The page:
Korean Dignitaries Attend Dedication at OVC

February 01, 2011 - Campus Bulletin

The University of Guelph and members of the Korean Canadian community celebrated today the life of an extraordinary Canadian and a national hero in Korea by dedicating the Dr. Frank Schofield Memorial Seminar Room.
U of G president Alastair Summerlee and OVC dean Elizabeth Stone welcomed guests, including South Korea’s former prime minister Un-Chan Chung and Ji-In Hong, consul general to Toronto.

“For his contributions to the Ontario Veterinary College, Dr. Schofield is remembered as a distinguished scientist and dedicated teacher,” said Stone. “For his contributions to Korea, he is remembered as the ‘tiger grandfather’ who supported Korean students and spoke out for Korean independence while a medical missionary from 1916 to 1920.”

“On behalf of the college, I extend sincere thanks to the Korean Canadian community, OVC faculty members and friends whose generosity and passion created this enduring tribute to Dr. Schofield’s legacy.”

The seminar room is located on the main level of the new Pathobiology/Animal Health Laboratory building. It is supported by donations from alumni of Seoul National University's College of Veterinary Medicine, the Dr. Schofield Memorial Association of Korean Canadians, and friends and colleagues.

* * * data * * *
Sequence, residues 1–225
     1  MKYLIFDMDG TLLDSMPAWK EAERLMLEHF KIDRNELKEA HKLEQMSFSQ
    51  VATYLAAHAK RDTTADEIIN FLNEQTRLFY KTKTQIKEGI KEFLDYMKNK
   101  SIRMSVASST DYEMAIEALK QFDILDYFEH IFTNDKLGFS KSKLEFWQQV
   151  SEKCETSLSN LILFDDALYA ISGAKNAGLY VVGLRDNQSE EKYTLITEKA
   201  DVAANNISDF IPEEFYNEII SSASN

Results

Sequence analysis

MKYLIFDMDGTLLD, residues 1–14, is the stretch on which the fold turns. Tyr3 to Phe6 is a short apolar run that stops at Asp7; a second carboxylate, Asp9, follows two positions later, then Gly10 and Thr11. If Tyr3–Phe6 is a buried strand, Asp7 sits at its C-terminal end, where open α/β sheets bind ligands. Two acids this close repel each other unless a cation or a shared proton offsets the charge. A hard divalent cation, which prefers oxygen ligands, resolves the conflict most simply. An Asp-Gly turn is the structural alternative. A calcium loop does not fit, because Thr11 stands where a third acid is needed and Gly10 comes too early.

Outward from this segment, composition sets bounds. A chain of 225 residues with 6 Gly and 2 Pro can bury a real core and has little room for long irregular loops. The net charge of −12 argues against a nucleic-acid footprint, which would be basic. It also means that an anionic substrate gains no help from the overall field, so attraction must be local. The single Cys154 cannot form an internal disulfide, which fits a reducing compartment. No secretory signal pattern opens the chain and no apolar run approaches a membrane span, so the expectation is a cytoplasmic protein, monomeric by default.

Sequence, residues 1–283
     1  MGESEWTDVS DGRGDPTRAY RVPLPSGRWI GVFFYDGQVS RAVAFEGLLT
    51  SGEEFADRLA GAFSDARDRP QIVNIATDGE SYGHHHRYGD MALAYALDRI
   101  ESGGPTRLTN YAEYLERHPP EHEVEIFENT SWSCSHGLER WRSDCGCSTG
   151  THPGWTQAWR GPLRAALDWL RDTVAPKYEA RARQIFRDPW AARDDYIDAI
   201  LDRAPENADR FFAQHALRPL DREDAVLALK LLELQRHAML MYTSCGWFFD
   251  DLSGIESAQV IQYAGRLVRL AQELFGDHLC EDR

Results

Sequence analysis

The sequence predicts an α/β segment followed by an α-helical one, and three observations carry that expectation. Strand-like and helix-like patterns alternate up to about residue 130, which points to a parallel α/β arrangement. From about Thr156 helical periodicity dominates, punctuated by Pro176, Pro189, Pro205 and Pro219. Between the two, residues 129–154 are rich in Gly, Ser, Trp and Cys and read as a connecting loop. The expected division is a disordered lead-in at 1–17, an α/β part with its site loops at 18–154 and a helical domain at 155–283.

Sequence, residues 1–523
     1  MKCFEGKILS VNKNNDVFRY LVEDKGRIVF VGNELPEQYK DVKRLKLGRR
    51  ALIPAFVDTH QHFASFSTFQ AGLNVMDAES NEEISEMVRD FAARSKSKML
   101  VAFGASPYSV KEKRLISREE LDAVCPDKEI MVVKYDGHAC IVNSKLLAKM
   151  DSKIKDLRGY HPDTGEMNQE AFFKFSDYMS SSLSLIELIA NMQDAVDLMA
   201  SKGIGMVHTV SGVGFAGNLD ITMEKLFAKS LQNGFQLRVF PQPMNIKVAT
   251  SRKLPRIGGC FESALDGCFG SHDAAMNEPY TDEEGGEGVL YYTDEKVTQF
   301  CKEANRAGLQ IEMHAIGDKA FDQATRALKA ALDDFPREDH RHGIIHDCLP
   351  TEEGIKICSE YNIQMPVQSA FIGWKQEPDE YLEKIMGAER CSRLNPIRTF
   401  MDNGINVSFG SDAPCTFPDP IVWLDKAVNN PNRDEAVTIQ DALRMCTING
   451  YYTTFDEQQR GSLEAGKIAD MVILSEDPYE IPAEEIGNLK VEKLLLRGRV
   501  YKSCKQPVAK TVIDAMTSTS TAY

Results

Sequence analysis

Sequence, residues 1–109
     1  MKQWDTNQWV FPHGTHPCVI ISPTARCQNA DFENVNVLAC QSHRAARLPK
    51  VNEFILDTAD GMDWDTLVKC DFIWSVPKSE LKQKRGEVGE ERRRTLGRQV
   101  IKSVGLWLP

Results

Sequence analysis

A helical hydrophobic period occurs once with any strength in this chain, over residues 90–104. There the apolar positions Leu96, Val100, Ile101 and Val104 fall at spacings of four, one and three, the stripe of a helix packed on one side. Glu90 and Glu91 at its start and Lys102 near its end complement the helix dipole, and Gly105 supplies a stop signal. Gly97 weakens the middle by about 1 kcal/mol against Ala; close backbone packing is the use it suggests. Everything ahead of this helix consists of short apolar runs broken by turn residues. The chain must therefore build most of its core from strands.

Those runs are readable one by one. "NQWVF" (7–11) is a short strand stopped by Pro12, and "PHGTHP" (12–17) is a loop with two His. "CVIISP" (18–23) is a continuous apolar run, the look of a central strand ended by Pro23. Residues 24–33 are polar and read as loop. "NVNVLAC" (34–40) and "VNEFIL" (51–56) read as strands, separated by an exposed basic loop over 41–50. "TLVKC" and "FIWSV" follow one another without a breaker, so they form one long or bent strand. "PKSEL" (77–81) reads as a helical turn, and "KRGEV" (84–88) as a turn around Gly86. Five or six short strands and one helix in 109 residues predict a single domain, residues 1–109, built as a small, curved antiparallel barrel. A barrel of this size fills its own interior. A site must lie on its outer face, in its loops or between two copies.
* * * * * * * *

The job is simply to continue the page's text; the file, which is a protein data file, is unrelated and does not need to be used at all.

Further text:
Schofield’s career is showcased in a display in the seminar room developed by Vilnis Cultural Design Works of Eden Mills, Ont.

Schofield graduated from OVC in 1910 when it was still located in Toronto. He became a veterinary pathologist and taught at OVC from 1921 to 1955. His most famous scientific discovery was tracing a bleeding disease in sheep and cattle to mouldy sweet clover. That work led to development of vitamin K inhibitors now used worldwide to control blood-clotting.

But he is most revered in Korea, where he died in 1970, and is the only foreigner buried in the patriots' section of the National Cemetery. The epitaph on his tomb reads: “When I die, please bury me in Korean soil. Please take care of the boys and girls and the poor that I once cared for.”

In 2009, Schofield was named a person of national historical significance by the Canadian government.

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